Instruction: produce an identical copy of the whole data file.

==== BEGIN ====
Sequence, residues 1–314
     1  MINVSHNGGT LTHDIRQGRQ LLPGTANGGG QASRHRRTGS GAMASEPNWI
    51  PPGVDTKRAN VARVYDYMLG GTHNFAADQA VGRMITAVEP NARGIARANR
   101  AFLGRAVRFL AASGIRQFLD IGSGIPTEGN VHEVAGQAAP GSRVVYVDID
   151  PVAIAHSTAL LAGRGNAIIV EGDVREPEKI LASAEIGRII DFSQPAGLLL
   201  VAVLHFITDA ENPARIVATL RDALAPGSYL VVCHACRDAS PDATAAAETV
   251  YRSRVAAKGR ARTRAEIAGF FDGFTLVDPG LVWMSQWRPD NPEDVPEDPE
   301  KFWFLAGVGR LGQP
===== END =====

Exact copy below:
Sequence, residues 1–314
     1  MINVSHNGGT LTHDIRQGRQ LLPGTANGGG QASRHRRTGS GAMASEPNWI
    51  PPGVDTKRAN VARVYDYMLG GTHNFAADQA VGRMITAVEP NARGIARANR
   101  AFLGRAVRFL AASGIRQFLD IGSGIPTEGN VHEVAGQAAP GSRVVYVDID
   151  PVAIAHSTAL LAGRGNAIIV EGDVREPEKI LASAEIGRII DFSQPAGLLL
   201  VAVLHFITDA ENPARIVATL RDALAPGSYL VVCHACRDAS PDATAAAETV
   251  YRSRVAAKGR ARTRAEIAGF FDGFTLVDPG LVWMSQWRPD NPEDVPEDPE
   301  KFWFLAGVGR LGQP